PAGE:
2006 Crops Maturing Rapidly in Iowa

Corn and beans moving right along due to early planting, hot summer and in some cases dry soils.

Published on: Sep 6, 2006

Crops are maturing rapidly in Iowa this year because of early planting, above- normal accumulation of growing degree units and in some cases moisture-deficient soils---where crops are prematurely shutting down. Corn silage harvest is well underway, especially on the moisture-deficient soil areas. Early soybean harvest will begin in some areas of Iowa in the next two weeks.

A common question this time of year has to do with yield predictions. There are various methods of estimating yield in specific fields – counting ears, rows of kernels and kernels per row for corn and counting beans per pod and pods per plant in soybeans.

For predicting yields across a larger area, a good starting point is the historic county yield averages, says George Cummins, Iowa State University Extension crop specialist at Charles City. Average county corn yields in his area have been up in three of the last four years with 2003 being the exception. The year 2005 was the best soybean crop ever and 2003 was the lowest in the last 10 years.

Comparing yields in 2006 to 2003

There are some similarities and some differences between 2006 and 2003, he notes. Crop potential as of August 1 both years was good and farmers were optimistic. By Labor Day of 2003 the hot, dry weather had reduced corn yields and the weather, aphid numbers and charcoal rot had reduced county average soybean yields by 40%.

"In 2006 we've had variable rainfall across the area," he says. "In some areas yields will be very good – in other areas the crop yields will reflect the stresses. The consensus coffee shop predictions I'm hearing are that average county yields in our area of northern Iowa will be off 10% to 15% from the 2005 yield figures for corn and beans. I'm anxious to see what the scales tell us."

Would you grow industrial hemp?

Gleaning farm newspapers in recent weeks, Cummins came across several topics, which may have Iowa implications.

Industrial hemp. Value-added groups have identified industrial hemp as an alternative crop with potential biomass and fiber uses. It was also suggested that hemp be grown as part of a manure management plan because of this crop's elevated P and K nutrient removal.

Efforts in the past to get the necessary permits to grow industrial hemp, even for research purposes, have proven futile. Industrial hemp contains only trace amounts of THC, the chemical in marijuana. The California Senate has approved a bill that would allow farmers to grow industrial hemp. This is the first step to legalize its production in that state.

ISU's Northern Research Farm. Iowa State University's Northern Research Farm at Kanawha was established with the encouragement, assistance and support of the sugar beet industry in north Iowa. Preparing for the farm's 75th anniversary celebration on September 10, "we have learned a lot about the industry," says Cummins.

There are acreage quotas to manage supplies and generous subsidies to maintain the price of sugar above world price levels. Preliminary yield tests indicate a record crop in Minnesota and North Dakota this year, larger than can be safely processed by the end of May 2007. Growers have developed a plan to destroy up to 10% of their sugar beet acreage if the record harvest materializes.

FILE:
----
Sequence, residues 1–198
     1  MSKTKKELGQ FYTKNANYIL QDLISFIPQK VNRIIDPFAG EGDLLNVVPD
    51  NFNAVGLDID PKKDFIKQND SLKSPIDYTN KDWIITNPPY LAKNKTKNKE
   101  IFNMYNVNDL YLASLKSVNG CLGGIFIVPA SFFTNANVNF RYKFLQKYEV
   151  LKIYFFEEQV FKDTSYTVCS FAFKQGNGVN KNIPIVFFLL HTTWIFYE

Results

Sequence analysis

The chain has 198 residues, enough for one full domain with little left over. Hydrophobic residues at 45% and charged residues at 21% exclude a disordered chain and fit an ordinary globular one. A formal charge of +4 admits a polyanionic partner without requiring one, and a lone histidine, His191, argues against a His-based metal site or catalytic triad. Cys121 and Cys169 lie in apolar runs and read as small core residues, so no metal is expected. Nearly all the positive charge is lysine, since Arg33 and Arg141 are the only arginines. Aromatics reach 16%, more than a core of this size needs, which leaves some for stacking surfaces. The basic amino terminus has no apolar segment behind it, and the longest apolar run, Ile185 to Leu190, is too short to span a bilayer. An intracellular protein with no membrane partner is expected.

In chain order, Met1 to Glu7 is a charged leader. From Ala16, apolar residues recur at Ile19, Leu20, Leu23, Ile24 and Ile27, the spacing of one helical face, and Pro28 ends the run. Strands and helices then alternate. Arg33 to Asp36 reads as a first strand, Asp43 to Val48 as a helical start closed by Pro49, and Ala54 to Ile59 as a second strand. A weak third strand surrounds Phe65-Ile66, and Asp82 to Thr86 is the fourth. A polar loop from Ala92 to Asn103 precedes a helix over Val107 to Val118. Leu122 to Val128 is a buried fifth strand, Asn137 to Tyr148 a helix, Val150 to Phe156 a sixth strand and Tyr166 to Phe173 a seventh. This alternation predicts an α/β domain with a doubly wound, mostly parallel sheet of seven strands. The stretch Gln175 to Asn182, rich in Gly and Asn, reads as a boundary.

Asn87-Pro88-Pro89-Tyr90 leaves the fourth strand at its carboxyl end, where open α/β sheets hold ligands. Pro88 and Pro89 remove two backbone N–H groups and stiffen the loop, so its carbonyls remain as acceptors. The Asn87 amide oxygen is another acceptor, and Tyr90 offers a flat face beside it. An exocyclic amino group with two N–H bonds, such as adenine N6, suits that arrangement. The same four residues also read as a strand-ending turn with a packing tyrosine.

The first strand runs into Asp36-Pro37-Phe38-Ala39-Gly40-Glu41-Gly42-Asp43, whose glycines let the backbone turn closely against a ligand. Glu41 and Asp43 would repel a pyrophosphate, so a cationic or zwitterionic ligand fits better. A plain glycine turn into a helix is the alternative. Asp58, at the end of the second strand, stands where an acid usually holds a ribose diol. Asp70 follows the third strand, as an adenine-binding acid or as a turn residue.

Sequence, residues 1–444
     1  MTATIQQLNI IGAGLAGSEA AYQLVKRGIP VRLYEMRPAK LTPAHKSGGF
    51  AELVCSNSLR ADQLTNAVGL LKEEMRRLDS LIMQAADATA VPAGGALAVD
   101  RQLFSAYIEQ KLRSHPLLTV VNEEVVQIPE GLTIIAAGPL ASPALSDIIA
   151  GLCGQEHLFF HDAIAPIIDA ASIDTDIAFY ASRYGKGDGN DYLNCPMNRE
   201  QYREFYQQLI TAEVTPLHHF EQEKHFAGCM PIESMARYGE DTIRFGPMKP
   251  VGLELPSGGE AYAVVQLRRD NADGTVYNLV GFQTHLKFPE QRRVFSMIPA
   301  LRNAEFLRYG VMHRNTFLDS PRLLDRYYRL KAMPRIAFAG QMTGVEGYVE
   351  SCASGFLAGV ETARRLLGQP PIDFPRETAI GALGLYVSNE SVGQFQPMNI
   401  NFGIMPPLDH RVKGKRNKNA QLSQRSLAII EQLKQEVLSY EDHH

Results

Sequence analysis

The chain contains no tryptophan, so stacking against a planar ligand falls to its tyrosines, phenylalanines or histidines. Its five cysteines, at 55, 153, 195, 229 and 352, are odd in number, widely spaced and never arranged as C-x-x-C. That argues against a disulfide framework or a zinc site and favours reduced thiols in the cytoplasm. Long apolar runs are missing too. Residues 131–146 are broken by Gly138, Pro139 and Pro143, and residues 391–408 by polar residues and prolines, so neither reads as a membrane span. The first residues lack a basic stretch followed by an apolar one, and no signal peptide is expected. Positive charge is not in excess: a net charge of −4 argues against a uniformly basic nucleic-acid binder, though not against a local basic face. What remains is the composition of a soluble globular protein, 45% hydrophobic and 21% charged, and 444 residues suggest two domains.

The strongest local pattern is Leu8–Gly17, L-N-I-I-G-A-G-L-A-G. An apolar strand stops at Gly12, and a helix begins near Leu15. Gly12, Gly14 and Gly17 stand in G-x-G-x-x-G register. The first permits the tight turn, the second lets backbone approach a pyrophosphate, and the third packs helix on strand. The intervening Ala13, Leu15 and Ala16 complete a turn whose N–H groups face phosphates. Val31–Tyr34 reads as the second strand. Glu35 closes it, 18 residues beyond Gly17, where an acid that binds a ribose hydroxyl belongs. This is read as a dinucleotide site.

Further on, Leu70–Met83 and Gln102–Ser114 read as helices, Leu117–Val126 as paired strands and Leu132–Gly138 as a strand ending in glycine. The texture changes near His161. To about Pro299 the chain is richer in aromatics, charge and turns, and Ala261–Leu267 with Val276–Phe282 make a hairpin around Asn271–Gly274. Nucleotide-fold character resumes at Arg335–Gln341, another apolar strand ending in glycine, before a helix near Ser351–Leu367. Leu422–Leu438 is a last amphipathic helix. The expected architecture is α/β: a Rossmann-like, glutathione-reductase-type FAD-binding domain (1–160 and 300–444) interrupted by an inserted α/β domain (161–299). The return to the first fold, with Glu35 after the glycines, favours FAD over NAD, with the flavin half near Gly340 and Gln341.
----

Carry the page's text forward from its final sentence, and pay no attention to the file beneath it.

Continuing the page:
Big interest in ethanol production. There is tremendous interest in ethanol production and renewable fuels. Registrations for ISU's BioEconomy Conference last week had to be limited. Such a large number of people wanted to sign up and the meeting place on the Ames campus couldn't hold them all. A local farm manager describes the impact of increasing ethanol production capacity and corn demand on land prices as "ethanol euphoria".

Bob Wisner, ISU Extension economist has developed models of the effects of ethanol production on corn prices, livestock feeders, industrial users and export markets. Mike Duffy, ISU Extension farm management specialist, has used crop rotation data from the northern (Kanawha) and northeast (Nashua) research farms to predict the market price where farmers can profitably justify using a corn-on-corn rotation.

Brazil produces ethanol from sugarcane and is self-sufficient in liquid fuels (4 billion gallons produced annually). The U.S. annually produces 4 billon gallons of ethanol and that is expected to rise to 7.5 billion gallons by 2012. The U.S. uses 140 billion gallons of gasoline per year. Increasing ethanol production will not resolve our dependence on foreign oil.

Worms in corn ears in late August. ISU crop specialists are getting frequent calls about "worms in my corn ears". Is it a corn borer? An earworm? A western bean cutworm? The ISU Entomology Department has an insect gallery that is useful in identifying these and other common insect pests. Go to www.ent.iastate.edu/imagegal/ and click on the icon for "Butterflies and moths." Scroll down the menu to the particular pest you wish to identify.

How much nitrogen should you apply? Finetuning your N application rates has economic and environmental implications. The fall stalk nitrate test (FSNT) has been a useful tool to determine optimum application rates. It can tell you whether or not you applied too little, too much or just the right amount this year.

Stalk samples are taken shortly after black layer (physiological maturity) for this test. Information about the sampling process, where to send your samples and how to evaluate the test results are included in ISU Extension publication PM 1584, "Cornstalk Testing to Evaluate N Management." It's available at county Extension offices or at www.extension.iastate.edu and click on "Publications".